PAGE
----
Comparing the Proton-Proton and Carbon Cycles
The proton-proton cycle is a series of nuclear reactions that convert hydrogen nuclei (protons) into helium nuclei (alpha-particles). All Main Sequence stars fuse hydrogen to helium in one way or another. For stars like the Sun the process almost always begins with the collision of two protons, hence its name, the "proton-proton" cycle. In massive stars the process almost always involves carbon atoms catalyzing the reactions, and in the process being changed from carbon to nitrogen to oxygen, and at the end back to carbon; hence its name, the "carbon" cycle, or using the atomic symbols of the heavy atoms involved, the "CNO" cycle.
Each "cycle" can be represented as a "chain" of reactions proceeding one after the other. Sometimes only one such chain is involved in a particular reaction, but usually, there are several ways in which particles can combine which result in more or less the same end. In such a case the chain which occurs most of the time (and usually produces the most overall energy) is the main chain, and those which occur less frequently are side chains.
(more to follow)
The Carbon Cycle
In the Sun, the carbon cycle is of little importance (for reasons discussed below), but in massive stars (more than about 1.5 times the mass of the Sun), the carbon cycle is the normal way in which hydrogen is fused to form helium. And late in the Sun's life, when its core contracts and becomes substantially hotter than now, it will switch from proton-proton cycle to carbon cycle burning, so even for the Sun it is useful to be aware of the basic principles of the CNO cycle.
C + proton —> N
N + proton —> O
(various steps add protons followed by radioactive decays; see your textbook for more detail)
At the end of the cycle, there is a radioactive decay which produces Helium and Carbon (so you get the carbon back).
Since the carbon is not actually used up, it merely "catalyzes" the reaction. The overall reaction, as in the case of the proton-proton cycle used by the Sun, is:
4 H —> 1 He (+ 0.7% of the mass of the hydrogen is converted to energy)
All nuclear reactions are sensitive to two factors: density and temperature.
Density is involved because it controls the rate of collisions. The higher the density the more particles are running into still more particles, so the number of collisions between the nuclear particles increases as the square of the density.
The higher the temperature, the faster the reactions go as well, but the rate is very sensitive to the kind of reaction involved. For MOST nuclear reactions of this sort the temperature sensitivity is extreme: namely, to the 15th to the 35th power of the temperature. For the proton-proton cycle, the temperature sensitivity is mild: only about the 3rd to 4th power of the temperature (more sensitive at lower temperatures, less at higher).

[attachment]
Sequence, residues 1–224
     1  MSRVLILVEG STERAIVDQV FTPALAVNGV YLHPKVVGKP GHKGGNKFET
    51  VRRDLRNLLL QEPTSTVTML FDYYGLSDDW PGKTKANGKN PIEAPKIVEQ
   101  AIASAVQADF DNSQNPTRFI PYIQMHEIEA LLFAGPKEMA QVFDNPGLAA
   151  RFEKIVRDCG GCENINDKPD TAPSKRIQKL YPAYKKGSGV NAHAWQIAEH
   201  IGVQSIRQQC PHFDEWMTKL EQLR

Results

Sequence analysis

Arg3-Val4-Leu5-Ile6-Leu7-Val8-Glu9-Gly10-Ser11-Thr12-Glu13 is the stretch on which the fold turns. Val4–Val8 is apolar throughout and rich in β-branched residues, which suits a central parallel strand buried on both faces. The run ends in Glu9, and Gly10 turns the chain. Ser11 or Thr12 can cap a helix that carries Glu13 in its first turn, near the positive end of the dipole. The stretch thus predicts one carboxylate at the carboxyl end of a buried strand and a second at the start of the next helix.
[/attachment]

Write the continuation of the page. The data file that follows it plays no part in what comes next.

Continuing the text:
This means if you increase the temperature by 1%:
The proton-proton cycle goes 3 to 4% faster, but
The CNO cycle goes about 30 to 50% faster.
If you double the temperature
The proton-proton cycle goes about 10 to 20 times faster
The CNO cycle goes billions or hundreds of billions of times faster.
In the diagram below the proton-proton cycle is shown as producing a little more energy as the temperature increases, while the carbon cycle is shown as producing a LOT more. At a certain temperature (shown by the intersection of the "curves") the two reactions are equal; but at higher temperatures, although the proton-proton cycle produces even more energy than at lower temperatures, the rapid increase in the rate of carbon-cycle (hydrogen) burning is so great that for all practical purposes, the CNO cycle is the only thing of importance.
Conversely, at lower temperatures such as in the core of the Sun (indicated by the vertical black line), the proton-proton cycle doesn't produce as much energy as at higher temperatures, but the carbon cycle produces so little energy that it doesn't count at all. As a result we say that lower-Main-Sequence stars like the Sun use the proton-proton cycle of hydrogen burning, and higher-Main-Sequence stars use the CNO or carbon cycle. But in both cases the actual fuel is hydrogen, and the net result of "burning" the hydrogen is the same.
The temperature sensitivity of the proton-proton cycle is relatively low (increasing about 3% for each 1% increase in temperature), while that of the carbon cycle is high (increasing about 30% for each 1% increase in temperature). As a result, at "low" temperatures (less than about 16 MKelvins for stars with compositions like the Sun) the carbon cycle produces insignificant amounts of energy in comparison to the proton-proton cycle, and can be essentially ignored; while at "high" temperatures (more than about 16 MKelvins) the carbon cycle produces so much energy that the proton-proton cycle can be essentially ignored. It is important to remember that in both cycles four hydrogen atoms are turned into one helium atom, and 0.7% of the original mass of hydrogen is converted to energy. Although the method of doing this conversion strongly affects the structure of a star's core, it does not change the fact that only hydrogen is used as a fuel in the cores of all Main Sequence stars.